My local trails would absolutely love a trials bike on them as you sit in second on an enduro bike through most of them. I will mention that due to the recent extreme NSW downpours, the actual weight of the bike struggled through mud where an enduro machine would have no issue, this is because all your weight is focused in the middle and you can’t sit to put pressure on the rear due to not having a seat, so a few of us who were less experience off-road had some issues with getting through the mud.
By the end of the day I was not only physically tired but extremely mentally drained. The amount of thought you have to put into how you’re going to hit an obstacle, how much brake, throttle and clutch to use, it was extremely challenging. On the drive home I thought “there is no way I would be able to do that again”, but after reflecting for the past week, I’ve almost welcomed the idea of buying my own personal trials bike.
If you’re like me who’s not a seasoned off-road rider, you might not see the point in starting a new motorsport, but see the trials bike as a training tool, use it as such and suddenly you’re sitting there looking at trials bikes for sale. Being able to ride it at an almost standstill, the quiet exhaust and compact design make it perfect to practice balance, throttle/brake control and wheelies in your backyard, even if you live in suburbia!
Just seeing the quality of the Sherco range, seeing it be the choice for Bilpin Moto Adventures and Tim Coleman, were enough for me to seriously consider buying a Sherco and a Sherco only. It’s not often I jump off a bike feeling like a truck has just hit me and still not had anything bad to say about it. Pricing may be a bit high for just a practice tool, but the skills I’d learn from it are priceless.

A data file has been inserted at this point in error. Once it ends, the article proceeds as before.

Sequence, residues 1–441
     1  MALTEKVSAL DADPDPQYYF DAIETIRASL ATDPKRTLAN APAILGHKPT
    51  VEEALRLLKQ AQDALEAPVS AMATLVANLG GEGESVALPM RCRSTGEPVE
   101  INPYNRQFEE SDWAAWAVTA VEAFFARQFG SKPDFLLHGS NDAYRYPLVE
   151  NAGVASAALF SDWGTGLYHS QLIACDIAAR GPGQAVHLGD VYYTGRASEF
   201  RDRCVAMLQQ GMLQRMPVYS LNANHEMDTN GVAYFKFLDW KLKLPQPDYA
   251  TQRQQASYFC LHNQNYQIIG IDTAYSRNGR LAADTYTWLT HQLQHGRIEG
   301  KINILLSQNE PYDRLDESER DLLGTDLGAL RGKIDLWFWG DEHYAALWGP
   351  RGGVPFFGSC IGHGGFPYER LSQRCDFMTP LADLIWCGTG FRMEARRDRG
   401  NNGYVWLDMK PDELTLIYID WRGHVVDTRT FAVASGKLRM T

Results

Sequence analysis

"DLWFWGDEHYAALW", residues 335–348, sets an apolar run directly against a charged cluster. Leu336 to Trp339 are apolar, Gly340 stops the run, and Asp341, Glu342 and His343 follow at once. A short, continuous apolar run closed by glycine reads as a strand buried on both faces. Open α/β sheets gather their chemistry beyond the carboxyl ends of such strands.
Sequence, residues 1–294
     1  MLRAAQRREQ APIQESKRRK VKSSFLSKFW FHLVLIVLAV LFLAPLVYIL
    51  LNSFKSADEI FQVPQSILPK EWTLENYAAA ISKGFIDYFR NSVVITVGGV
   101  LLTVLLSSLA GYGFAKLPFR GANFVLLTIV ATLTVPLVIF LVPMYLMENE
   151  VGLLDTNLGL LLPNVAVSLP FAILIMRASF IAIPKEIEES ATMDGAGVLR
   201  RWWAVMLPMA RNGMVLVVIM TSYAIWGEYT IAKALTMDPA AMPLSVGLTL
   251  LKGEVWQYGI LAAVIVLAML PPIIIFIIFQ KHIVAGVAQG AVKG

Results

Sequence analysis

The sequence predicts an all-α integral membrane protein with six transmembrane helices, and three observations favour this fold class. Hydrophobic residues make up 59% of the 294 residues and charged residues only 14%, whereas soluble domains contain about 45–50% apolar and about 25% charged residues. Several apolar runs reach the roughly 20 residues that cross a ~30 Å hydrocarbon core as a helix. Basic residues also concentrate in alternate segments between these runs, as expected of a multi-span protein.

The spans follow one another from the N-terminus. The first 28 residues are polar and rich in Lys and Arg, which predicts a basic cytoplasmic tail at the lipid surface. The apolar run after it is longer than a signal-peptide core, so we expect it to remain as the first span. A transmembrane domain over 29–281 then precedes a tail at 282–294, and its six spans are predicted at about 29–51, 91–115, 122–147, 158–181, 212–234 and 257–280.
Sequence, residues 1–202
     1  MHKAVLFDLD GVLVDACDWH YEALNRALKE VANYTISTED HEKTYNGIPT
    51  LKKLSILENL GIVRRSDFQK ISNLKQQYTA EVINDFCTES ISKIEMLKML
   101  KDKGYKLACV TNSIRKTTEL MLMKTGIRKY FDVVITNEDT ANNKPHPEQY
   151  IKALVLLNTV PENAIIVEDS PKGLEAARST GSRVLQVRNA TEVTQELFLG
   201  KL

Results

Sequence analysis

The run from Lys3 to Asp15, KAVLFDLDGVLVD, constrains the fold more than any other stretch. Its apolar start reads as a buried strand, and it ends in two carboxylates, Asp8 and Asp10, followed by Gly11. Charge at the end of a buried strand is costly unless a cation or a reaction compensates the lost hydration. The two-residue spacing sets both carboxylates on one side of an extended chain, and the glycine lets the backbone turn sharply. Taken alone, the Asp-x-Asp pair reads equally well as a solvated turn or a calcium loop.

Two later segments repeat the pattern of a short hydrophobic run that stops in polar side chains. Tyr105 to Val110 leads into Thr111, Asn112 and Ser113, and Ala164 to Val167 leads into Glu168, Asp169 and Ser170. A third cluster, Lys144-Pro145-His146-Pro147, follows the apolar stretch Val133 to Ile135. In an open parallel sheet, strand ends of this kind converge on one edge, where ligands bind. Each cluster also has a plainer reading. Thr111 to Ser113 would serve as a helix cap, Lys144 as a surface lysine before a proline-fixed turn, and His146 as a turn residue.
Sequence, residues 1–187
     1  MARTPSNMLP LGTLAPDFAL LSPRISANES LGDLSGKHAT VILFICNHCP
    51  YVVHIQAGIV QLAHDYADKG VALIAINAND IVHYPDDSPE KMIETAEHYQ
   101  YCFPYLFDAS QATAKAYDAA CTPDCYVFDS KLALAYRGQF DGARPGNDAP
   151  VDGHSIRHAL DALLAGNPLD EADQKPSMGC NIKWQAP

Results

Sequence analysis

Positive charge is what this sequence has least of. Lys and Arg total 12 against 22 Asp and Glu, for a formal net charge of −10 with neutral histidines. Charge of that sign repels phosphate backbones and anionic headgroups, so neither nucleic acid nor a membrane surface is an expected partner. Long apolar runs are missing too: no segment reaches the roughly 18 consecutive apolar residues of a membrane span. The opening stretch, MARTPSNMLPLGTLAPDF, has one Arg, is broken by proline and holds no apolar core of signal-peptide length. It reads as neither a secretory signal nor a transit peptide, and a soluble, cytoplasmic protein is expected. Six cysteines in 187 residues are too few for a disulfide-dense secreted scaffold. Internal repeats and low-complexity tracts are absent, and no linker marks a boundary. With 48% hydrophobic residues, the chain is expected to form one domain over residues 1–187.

You can pick up the 2022 Sherco 250 ST for an RRP of $11,690 and the 300 ST Factory for an RRP $11,990 now at your local Sherco dealership!
2022 Sherco Factory ST 250  Specifications
Price: From $11,690 [$11,990]
Warranty: Six Months
Colours: Sherco Factory Blue
Claimed Power: Not specified
Claimed Torque: Not specified
Single-cylinder, Nikasil coated cylinder, two-stroke, water-cooled, 249.7cc [294cc], bore x stroke 72.8mm x 60mm [79mm x 60mm], Hidria digital ignition, Keihin PWK 28 carb, hydraulic diaphragm system clutch, five-speed sequential gearbox with security selector system, primary gear drive chain secondary drive, kick start.
Frame Type; Tubular section Chrome-moly
Front suspension: Aluminium Tech fork 39mm, 165mm travel, adjusable, Rear suspension: Progressive link system with single 3-way Reiger shock absorber 175mm travel.
Wheels: Morad 21in blue anodized aluminium rim (f) Morad 18in blue anodized aluminium rim (r)
Brakes: N/A calipers and master-cylinders, floating 185mm front and 145mm rear
Ground Clearance: 310mm
Seat base: 685mm
Fuel Capacity: 2.4L
Electronics: Switchable headlight
The Verdict | Review: 2022 Sherco 250 and 300 ST Factory Trials